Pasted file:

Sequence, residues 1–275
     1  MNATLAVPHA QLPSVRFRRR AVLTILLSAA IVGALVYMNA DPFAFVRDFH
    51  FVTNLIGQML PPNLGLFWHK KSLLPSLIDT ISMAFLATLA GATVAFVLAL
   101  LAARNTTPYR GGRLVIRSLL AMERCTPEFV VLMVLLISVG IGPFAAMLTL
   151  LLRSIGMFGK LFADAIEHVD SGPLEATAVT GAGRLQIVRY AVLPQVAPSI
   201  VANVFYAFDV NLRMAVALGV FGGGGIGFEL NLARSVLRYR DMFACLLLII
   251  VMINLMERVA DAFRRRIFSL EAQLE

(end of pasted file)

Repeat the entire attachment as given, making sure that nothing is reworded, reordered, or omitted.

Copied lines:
Sequence, residues 1–275
     1  MNATLAVPHA QLPSVRFRRR AVLTILLSAA IVGALVYMNA DPFAFVRDFH
    51  FVTNLIGQML PPNLGLFWHK KSLLPSLIDT ISMAFLATLA GATVAFVLAL
   101  LAARNTTPYR GGRLVIRSLL AMERCTPEFV VLMVLLISVG IGPFAAMLTL
   151  LLRSIGMFGK LFADAIEHVD SGPLEATAVT GAGRLQIVRY AVLPQVAPSI
   201  VANVFYAFDV NLRMAVALGV FGGGGIGFEL NLARSVLRYR DMFACLLLII
   251  VMINLMERVA DAFRRRIFSL EAQLE